Earlier this year, 6sqft showed you new renderings of Archilier Architects’ “Hudson Rise” mixed-use skyscraper planned for Manhattan’s west side. Now the design firm has published their vision for a soaring, super-thin supertall at the former site of beloved dive bar Subway Inn at 151 East 60th Street. Kuafu Properties owns the 28,619-square-foot, six-building assemblage at 143-161 East 60th Street between Lexington and Third Avenues, which they acquired from the World Wide Group last year for $300 million, according to The Real Deal. Kuafu is one of the developers behind the Archilier-designed Hudson Rise development, thus these released renderings may indeed be working images of the planned project.
The slender tower shown would encompass 411,700 gross square feet of area and rise 1,240 feet high, just 10 feet shy of the Empire State Building’s height of 1,250 feet, despite containing just one-fifth of the floor space. The tower would technically be the tallest building on the Upper East Side (by far), but would be 158 feet shorter than nearby 432 Park Avenue in Midtown.
More details ahead
Reaping the seeds of the Bloomberg administration’s sweeping 2005 rezoning of the far west side, a consortium of developers led by Siras Development hopes to begin construction this year on a dramatic 720-foot skyscraper at 470 Eleventh Avenue. Anchoring the southeast corner of Eleventh Avenue and 38th Street, the 47-story tower will soar from a quarter-acre site across from the Jacob K. Javits Convention Center that the developers purchased in 2014 for $110 million.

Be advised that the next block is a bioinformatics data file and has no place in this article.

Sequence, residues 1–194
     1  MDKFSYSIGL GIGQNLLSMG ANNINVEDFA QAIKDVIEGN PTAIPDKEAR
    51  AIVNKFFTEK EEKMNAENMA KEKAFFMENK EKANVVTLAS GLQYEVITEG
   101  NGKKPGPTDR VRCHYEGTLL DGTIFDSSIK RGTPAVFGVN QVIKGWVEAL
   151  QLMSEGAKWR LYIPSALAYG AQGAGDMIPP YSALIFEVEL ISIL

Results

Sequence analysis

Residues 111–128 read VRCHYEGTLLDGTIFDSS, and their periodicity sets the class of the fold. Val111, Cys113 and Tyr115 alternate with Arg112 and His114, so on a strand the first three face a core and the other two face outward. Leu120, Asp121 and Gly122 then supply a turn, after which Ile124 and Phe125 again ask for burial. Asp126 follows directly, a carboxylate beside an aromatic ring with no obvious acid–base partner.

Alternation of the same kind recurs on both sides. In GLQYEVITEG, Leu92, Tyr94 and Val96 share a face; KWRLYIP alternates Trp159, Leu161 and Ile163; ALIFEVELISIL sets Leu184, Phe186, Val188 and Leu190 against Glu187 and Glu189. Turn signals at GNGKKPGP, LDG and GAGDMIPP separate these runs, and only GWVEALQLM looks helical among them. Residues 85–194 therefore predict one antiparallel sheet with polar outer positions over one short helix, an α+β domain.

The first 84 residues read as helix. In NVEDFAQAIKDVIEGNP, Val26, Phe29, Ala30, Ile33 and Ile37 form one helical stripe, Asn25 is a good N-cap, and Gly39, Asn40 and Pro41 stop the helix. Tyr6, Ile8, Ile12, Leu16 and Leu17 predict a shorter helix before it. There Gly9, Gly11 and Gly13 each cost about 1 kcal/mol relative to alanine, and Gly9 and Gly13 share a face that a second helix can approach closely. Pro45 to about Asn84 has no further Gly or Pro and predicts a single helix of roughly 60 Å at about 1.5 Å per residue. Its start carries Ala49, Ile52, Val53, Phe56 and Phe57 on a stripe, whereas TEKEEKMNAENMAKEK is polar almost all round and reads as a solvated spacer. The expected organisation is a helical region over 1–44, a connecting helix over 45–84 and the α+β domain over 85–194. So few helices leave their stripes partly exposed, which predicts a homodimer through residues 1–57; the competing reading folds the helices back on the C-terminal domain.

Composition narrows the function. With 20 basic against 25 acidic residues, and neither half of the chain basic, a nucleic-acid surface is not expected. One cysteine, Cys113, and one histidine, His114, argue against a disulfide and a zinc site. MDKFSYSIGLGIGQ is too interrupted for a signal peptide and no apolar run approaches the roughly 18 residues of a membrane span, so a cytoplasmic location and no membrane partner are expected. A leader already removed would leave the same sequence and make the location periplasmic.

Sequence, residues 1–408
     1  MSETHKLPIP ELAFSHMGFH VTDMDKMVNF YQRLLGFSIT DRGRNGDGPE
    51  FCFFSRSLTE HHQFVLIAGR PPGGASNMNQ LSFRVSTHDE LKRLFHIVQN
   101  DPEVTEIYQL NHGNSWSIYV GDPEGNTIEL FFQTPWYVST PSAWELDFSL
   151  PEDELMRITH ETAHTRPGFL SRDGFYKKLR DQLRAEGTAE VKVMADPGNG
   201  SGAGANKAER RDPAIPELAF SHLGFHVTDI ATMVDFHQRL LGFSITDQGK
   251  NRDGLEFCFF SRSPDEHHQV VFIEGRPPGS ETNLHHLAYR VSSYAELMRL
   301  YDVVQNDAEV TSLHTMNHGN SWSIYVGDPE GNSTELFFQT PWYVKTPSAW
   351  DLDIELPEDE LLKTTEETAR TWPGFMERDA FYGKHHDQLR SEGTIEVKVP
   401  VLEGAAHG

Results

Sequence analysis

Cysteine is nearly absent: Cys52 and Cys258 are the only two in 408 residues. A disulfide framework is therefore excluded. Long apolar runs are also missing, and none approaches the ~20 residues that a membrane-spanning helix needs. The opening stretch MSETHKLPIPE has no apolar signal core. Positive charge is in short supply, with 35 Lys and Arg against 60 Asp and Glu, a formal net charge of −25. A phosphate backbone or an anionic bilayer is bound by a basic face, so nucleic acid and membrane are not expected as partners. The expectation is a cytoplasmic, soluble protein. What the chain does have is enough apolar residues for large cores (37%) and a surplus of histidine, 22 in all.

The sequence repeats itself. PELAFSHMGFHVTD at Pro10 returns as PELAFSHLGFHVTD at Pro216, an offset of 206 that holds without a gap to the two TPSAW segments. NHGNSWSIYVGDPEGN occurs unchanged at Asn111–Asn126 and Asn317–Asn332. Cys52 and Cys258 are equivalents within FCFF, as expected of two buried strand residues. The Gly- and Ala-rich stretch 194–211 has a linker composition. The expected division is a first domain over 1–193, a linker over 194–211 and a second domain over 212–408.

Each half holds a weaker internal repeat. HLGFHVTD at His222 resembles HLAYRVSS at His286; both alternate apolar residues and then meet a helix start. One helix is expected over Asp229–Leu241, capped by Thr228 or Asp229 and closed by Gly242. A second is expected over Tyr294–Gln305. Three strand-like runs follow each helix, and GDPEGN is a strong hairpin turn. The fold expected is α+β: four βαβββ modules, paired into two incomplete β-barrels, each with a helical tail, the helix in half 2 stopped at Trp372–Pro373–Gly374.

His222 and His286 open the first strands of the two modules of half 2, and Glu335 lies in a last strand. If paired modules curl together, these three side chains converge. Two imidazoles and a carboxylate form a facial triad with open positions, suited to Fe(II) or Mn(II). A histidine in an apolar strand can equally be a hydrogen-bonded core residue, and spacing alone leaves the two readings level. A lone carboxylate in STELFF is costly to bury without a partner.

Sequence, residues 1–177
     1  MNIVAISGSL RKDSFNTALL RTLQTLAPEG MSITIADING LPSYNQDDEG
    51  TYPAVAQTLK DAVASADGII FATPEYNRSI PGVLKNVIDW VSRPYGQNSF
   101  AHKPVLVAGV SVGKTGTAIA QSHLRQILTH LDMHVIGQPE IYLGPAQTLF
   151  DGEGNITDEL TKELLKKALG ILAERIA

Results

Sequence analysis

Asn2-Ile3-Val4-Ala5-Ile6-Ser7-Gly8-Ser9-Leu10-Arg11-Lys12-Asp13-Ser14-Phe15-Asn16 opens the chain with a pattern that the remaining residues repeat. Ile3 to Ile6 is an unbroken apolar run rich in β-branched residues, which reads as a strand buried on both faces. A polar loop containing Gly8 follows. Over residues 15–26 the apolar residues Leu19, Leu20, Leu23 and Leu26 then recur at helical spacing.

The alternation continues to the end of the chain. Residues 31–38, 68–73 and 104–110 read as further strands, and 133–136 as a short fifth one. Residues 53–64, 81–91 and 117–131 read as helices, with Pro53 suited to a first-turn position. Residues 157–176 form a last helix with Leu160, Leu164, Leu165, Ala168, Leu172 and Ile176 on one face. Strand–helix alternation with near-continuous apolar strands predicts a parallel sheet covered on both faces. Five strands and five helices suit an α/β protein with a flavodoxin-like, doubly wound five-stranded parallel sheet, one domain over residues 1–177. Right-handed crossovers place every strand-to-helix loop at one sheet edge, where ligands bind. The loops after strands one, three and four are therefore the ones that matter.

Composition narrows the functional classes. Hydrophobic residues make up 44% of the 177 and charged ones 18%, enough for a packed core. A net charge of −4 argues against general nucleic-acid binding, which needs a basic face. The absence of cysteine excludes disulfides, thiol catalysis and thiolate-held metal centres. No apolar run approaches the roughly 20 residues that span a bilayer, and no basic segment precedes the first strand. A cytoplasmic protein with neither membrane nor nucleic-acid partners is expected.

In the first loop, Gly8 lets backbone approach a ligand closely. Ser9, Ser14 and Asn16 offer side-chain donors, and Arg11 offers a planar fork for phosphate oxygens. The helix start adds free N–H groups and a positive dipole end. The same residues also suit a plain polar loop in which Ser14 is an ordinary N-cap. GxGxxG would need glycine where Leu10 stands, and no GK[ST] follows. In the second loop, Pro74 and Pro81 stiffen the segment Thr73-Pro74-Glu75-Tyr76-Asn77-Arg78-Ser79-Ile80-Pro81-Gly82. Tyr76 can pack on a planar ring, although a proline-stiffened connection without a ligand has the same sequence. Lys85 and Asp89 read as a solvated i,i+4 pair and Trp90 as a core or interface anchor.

The mixed-use project dubbed Hudson Rise will boast a total of 380,000 square feet split between a commercial podium, 328 hotel rooms/hotel condos, and topped by 40 condominiums that that will be marketed to Chinese buyers. Archilier Architects are the tower’s designers, and though the firm has designed numerous large-scale developments in China, this will be their first in New York. Said to be inspired by traditional Chinese lanterns, the tower will be one of the most spatially complex skyscrapers in the city, distinguished by a vertical stack of alternating, cantilevering, and interlocking volumes that are clad in an array of facade treatments.
More details and renderings ahead